The Gift You Remember the Most…


If there ever was a season for giving gifts, December is that season. With Hanukah and Christmas at its heart, what other time could be more appropriate? Add to that the never-ending parade of advertisements, the lure of Black  Friday (now unmercifully extended into Thanksgiving Day itself) and Cyber Monday. Gifts —the bigger the better, the more complicated electronically the more exciting— seem to take over our lives.

So, wondering, I asked the question: what is the gift that was most memorable to you? The one that stays in memory while all the wonderful toys and jewels and gadgets became lost in a happy blur?

Sometimes the answer recalls a desperate need fulfilled, as did the warm pair of woolen socks—given in the depths of a frozen, war-torn European winter —that my husband always will remember. Sometimes, as a lovely young woman recounted quietly, the gift spoke to a need of the heart: “It was a  doll,” she told me. “I never had a real toy before, and there she was, so beautiful and my own.”

Gifts could—should— also be festive and fun, like a giant pink plastic turtle called Manfred, or an ermine coat for a doll, or the magical train set given by loving parents to a bright-eyed little boy. Sometimes the memory harked back to a simpler time like the Christmas stocking, filled with fruit, nuts and little toys that made the day especially happy for a friend.  But the Most Remembered gifts did not always come wrapped in ribbons. A gentleman I know recalled a pup that came to him at this time of year.

“I was recovering from scarlet fever,” he mused. “That pup stayed with me night and day while I was sick in bed, and to this day I remember the feel and the scent of him. I lost him after many years, and I miss him still.”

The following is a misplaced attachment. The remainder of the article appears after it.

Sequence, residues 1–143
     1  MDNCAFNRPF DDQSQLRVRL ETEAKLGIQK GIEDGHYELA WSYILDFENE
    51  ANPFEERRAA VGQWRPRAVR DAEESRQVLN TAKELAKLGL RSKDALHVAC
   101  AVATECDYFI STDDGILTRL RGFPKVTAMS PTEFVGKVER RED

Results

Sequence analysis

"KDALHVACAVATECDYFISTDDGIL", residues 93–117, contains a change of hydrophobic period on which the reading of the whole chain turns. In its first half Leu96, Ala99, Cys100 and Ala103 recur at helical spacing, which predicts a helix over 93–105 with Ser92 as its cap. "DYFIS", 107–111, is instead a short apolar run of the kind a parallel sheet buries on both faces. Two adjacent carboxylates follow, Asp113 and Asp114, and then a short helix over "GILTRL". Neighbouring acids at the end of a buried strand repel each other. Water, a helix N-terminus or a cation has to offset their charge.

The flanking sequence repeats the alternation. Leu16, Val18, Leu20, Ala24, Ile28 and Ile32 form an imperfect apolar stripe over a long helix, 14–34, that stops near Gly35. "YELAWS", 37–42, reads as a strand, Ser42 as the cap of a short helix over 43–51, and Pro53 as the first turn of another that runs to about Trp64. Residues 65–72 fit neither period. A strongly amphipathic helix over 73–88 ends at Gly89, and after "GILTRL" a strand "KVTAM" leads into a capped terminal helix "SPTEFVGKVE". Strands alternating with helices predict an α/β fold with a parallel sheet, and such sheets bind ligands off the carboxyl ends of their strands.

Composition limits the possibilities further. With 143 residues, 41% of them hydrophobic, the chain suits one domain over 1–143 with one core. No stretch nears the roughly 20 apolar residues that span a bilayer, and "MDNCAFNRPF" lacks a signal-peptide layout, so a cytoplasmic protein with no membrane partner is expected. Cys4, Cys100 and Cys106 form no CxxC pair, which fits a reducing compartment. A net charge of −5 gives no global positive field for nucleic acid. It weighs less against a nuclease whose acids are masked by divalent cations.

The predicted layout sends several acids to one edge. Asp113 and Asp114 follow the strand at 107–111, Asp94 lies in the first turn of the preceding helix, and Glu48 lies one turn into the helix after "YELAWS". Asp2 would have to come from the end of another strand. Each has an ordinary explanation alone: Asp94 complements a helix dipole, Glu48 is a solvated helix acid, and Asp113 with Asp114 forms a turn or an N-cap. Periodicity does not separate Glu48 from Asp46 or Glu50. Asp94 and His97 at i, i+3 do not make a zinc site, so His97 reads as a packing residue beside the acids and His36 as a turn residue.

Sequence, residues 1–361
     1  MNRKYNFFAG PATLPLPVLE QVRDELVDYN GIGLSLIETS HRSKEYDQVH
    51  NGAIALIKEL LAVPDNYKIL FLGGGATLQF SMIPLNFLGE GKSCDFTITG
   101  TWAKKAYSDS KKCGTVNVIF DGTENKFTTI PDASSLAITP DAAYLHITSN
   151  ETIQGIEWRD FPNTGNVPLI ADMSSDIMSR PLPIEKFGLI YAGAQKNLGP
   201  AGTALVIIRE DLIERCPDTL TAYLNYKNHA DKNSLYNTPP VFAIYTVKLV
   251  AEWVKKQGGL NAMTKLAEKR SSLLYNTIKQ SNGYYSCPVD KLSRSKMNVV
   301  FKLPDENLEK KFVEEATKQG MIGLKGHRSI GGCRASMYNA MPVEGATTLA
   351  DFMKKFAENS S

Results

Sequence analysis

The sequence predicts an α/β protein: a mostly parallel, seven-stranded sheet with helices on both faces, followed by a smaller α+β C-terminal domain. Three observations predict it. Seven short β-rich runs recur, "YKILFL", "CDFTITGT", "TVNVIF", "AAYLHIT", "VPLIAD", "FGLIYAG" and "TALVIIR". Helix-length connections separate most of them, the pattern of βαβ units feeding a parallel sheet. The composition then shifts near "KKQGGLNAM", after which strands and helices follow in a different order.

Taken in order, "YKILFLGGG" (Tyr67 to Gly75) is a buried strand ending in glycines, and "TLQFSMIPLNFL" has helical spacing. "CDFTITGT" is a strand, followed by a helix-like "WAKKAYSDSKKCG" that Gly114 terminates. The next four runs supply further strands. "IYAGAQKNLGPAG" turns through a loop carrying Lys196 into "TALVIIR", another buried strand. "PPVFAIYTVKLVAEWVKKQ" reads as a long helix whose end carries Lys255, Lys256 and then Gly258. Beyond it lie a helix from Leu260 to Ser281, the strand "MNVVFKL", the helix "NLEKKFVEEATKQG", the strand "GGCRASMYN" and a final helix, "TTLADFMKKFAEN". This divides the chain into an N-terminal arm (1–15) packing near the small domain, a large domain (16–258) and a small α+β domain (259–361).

The language of love and loss is often intertwined in stories of the Most Remembered gift, and a friend spoke of a clock-radio received the last Christmas her father was alive.  For others, the message is of love found and cherished, for several other friends mused that their greatest gift was meeting or being together with their life partners.

For myself, the story of the Most Remembered gift began with my mother sewing by the fire. Now, this was an extraordinary event because sewing was what my mother hated most. She had a workbasket which was always in pristine condition because it was only used in the direst emergency. So watching her sew lacy things by the fire—muttering to herself  whenever she pricked her finger— was a puzzlement. Night after night there she would be with her workbasket and some bits of interesting fabric.

I didn’t think too much about it because I was engrossed in the tree that was being decorated and the hope of the one present I had asked for: a doll which opened and closed its eyes. That this was right after the war and a very difficult time for everyone made no impression on me. For five year olds there is still magic in the world.

On Christmas morning I opened my eyes to find a doll sitting by my bedside. It was an old doll, probably second-hand, with bisque arms and legs, and its eyes opened and shut. And next to this doll was a beautifully arranged trousseau… dresses, slips edged with lace, tiny satin jackets and dresses that had been sewn by firelight…